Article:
At that time the center of the new village was a half mile further east along the road than it is today, near the corner of Hartford Turnpike, Bamforth Road and Vernon Avenue. The Allis House on that corner, which would become the home of Rev. Ebenezer Kellogg, the first minister bears a date of 1690, although this seems a bit early based on other records. The first cemetery established in 1751 was just down the hill on Bamforth Road.

Allyn Kellogg (1824-1893), grandson of our first minister Rev. Ebenezer Kellogg, wrote down his memories of early Vernon for an address in 1888 to the Church of Christ in Vernon. He had a strong interest in the church's formation and early history and drew on early church and town records, some no longer available. He lived in the same Allis house.

In his address he places the meetinghouse on the highway leading westward from the Allis house. It would be logical have this important building on the main road in town as the current Congregational Church was also built on the main road in the new center of the village.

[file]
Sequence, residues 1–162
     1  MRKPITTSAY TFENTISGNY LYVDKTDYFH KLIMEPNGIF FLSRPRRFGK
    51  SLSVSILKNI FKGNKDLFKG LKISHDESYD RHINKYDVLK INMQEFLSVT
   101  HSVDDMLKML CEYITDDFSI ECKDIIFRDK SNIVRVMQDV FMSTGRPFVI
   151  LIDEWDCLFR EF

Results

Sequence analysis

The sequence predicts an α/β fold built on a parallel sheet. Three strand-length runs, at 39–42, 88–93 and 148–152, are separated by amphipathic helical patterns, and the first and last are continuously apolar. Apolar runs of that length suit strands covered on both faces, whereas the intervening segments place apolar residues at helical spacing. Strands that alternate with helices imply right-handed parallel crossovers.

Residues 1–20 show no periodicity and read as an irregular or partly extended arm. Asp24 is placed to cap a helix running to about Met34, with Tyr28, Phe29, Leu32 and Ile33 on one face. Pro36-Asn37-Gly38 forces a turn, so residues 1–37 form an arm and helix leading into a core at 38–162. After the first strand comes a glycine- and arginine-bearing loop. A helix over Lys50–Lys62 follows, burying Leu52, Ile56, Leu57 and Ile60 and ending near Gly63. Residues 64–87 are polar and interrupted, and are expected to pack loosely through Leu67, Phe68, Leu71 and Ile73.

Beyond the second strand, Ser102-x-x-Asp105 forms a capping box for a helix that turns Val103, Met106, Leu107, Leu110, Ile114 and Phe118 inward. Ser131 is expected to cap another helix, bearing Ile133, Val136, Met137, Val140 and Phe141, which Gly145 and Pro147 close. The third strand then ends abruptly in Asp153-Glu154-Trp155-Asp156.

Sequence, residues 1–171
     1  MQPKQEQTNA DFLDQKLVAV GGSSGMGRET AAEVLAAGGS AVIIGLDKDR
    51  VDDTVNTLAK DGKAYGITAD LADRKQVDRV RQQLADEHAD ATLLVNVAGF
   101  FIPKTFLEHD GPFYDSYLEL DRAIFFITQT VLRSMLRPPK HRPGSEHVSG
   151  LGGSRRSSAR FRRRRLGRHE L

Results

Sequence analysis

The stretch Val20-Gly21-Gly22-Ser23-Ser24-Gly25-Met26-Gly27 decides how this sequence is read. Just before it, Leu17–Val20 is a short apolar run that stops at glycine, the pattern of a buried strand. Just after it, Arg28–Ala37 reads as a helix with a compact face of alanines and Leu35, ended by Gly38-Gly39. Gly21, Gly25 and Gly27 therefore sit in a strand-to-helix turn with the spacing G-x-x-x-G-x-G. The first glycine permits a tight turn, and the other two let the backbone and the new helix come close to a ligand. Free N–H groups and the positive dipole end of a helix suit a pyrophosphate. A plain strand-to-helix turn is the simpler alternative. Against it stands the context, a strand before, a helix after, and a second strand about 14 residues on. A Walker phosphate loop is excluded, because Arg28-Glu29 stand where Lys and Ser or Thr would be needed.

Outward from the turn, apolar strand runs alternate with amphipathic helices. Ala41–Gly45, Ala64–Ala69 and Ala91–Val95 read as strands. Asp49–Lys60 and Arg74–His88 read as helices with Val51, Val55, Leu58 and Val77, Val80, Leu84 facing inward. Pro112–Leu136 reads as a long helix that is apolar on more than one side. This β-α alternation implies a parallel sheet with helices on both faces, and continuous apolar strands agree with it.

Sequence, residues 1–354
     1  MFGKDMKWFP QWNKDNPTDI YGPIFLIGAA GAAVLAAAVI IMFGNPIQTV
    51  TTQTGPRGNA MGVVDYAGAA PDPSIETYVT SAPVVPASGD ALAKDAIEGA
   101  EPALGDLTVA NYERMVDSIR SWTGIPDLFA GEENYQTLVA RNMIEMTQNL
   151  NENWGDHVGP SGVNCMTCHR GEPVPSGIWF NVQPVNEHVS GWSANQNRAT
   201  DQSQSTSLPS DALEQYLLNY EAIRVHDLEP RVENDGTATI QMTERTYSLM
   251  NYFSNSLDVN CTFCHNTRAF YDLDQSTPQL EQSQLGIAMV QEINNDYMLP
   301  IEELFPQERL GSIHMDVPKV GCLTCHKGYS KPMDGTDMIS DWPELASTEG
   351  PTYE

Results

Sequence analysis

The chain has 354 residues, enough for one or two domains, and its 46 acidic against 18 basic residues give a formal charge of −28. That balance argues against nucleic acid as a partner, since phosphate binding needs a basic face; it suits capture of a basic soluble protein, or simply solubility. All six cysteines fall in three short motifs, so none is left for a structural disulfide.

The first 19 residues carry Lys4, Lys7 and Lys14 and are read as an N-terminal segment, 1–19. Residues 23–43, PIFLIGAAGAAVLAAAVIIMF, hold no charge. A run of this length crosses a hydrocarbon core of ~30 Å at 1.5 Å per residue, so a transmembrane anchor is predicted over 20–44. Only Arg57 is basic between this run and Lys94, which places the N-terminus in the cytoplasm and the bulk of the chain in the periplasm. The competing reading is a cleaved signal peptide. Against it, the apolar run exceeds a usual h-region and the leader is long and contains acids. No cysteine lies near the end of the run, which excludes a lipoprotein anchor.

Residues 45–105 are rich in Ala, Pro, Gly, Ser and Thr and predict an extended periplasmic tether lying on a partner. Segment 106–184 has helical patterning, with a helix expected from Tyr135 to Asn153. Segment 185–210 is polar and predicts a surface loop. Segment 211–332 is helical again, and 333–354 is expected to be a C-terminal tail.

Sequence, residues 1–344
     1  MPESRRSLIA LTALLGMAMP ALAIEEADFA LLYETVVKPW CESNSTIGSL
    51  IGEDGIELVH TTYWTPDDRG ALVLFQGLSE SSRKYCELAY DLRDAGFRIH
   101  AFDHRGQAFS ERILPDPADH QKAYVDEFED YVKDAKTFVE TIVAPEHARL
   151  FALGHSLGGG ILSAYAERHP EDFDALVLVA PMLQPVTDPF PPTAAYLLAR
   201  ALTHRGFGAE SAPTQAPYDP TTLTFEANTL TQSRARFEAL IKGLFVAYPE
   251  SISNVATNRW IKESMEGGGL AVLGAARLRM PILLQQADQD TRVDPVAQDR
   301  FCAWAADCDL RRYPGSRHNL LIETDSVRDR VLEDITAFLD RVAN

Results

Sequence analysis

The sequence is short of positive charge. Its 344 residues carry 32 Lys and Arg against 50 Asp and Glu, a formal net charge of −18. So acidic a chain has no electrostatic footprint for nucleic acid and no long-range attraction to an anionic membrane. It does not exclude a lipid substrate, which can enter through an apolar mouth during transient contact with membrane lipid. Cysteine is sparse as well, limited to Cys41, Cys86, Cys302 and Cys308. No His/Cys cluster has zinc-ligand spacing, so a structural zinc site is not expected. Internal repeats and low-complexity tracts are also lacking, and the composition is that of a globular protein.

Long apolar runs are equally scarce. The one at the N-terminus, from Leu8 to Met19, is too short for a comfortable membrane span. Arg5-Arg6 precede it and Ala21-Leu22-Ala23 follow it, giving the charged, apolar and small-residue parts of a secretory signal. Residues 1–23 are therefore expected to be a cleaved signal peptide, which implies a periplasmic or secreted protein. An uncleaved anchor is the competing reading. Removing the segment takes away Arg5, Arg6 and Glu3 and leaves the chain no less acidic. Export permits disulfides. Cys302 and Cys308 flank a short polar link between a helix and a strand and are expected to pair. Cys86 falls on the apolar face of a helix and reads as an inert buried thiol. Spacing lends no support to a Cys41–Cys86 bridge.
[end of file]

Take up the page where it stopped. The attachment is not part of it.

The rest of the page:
"The place where this house was erected is about half a mile East of the present meetinghouse at Vernon Centre, on the top of the hill still known to some as the "Old Meeting-House Hill." It was usual to choose an elevated place for a house of divine worship. This house stood in the most sightly place near the centre of the Society. When first built, it could be reached only from the East and the West, by the highway already mentioned. Several years later, highways were opened leading to it from the North and from the South."

This committee met on the 25th of February, and fixed upon a place "on the southward part of land belonging to Mr. Samuel Bartlett, near to the highway that leadeth westward from Mr. David Ellis's."

"This meeting-house was of the prevailing style of architecture for country churches; a plain four-sided building, without a steeple. It fronted the highway on the South by one of its longer sides, having doors, also, in the East and West ends. It was not dwarfed by the horse-sheds and the school-house, the only buildings erected near it."

This would suggest that at the time the main road was further south than the current road passing over the top of the hill before bending back to pass by the Allis house.

Building The Turnpike

Vernon became a town in 1808 and shortly after Rockville took its first steps to harnessing the Hockanum River and becoming a prosperous mill town. The early 1800's then was a time of laying out new roads and straightening and widening old ones.